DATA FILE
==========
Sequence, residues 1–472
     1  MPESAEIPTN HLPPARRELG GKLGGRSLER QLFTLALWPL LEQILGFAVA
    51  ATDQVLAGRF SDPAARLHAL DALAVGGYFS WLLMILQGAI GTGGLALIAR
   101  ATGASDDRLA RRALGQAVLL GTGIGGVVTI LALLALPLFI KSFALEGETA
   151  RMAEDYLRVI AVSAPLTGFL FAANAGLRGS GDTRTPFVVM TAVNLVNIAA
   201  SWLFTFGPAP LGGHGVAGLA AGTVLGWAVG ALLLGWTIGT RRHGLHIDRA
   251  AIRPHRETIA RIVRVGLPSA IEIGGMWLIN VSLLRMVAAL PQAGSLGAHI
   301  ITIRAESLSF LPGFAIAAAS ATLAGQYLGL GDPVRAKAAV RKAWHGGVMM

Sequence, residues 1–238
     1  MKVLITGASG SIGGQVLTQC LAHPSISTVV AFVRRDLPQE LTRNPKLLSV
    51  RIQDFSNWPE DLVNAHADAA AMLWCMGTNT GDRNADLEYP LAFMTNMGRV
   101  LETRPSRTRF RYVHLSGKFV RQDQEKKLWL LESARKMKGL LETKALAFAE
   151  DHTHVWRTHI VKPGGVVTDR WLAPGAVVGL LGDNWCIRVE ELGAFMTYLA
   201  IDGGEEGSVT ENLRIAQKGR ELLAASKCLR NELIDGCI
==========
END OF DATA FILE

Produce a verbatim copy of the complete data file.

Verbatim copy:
Sequence, residues 1–472
     1  MPESAEIPTN HLPPARRELG GKLGGRSLER QLFTLALWPL LEQILGFAVA
    51  ATDQVLAGRF SDPAARLHAL DALAVGGYFS WLLMILQGAI GTGGLALIAR
   101  ATGASDDRLA RRALGQAVLL GTGIGGVVTI LALLALPLFI KSFALEGETA
   151  RMAEDYLRVI AVSAPLTGFL FAANAGLRGS GDTRTPFVVM TAVNLVNIAA
   201  SWLFTFGPAP LGGHGVAGLA AGTVLGWAVG ALLLGWTIGT RRHGLHIDRA
   251  AIRPHRETIA RIVRVGLPSA IEIGGMWLIN VSLLRMVAAL PQAGSLGAHI
   301  ITIRAESLSF LPGFAIAAAS ATLAGQYLGL GDPVRAKAAV RKAWHGGVMM

Sequence, residues 1–238
     1  MKVLITGASG SIGGQVLTQC LAHPSISTVV AFVRRDLPQE LTRNPKLLSV
    51  RIQDFSNWPE DLVNAHADAA AMLWCMGTNT GDRNADLEYP LAFMTNMGRV
   101  LETRPSRTRF RYVHLSGKFV RQDQEKKLWL LESARKMKGL LETKALAFAE
   151  DHTHVWRTHI VKPGGVVTDR WLAPGAVVGL LGDNWCIRVE ELGAFMTYLA
   201  IDGGEEGSVT ENLRIAQKGR ELLAASKCLR NELIDGCI